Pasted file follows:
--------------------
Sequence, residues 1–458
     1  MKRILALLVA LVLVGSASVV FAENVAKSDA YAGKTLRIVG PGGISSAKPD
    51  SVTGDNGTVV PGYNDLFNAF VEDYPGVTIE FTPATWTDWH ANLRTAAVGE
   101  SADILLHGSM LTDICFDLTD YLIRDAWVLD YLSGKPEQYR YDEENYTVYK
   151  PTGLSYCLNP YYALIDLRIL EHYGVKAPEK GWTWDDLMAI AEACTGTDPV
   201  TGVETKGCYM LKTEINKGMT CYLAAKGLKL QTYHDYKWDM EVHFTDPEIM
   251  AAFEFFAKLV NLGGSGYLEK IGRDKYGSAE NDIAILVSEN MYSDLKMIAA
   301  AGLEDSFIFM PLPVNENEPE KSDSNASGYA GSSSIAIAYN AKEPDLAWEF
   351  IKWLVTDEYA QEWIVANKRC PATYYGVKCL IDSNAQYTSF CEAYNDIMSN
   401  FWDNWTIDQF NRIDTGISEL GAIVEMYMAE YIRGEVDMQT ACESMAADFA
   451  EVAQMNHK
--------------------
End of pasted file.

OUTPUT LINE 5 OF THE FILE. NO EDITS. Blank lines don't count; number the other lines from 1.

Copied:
   151  PTGLSYCLNP YYALIDLRIL EHYGVKAPEK GWTWDDLMAI AEACTGTDPV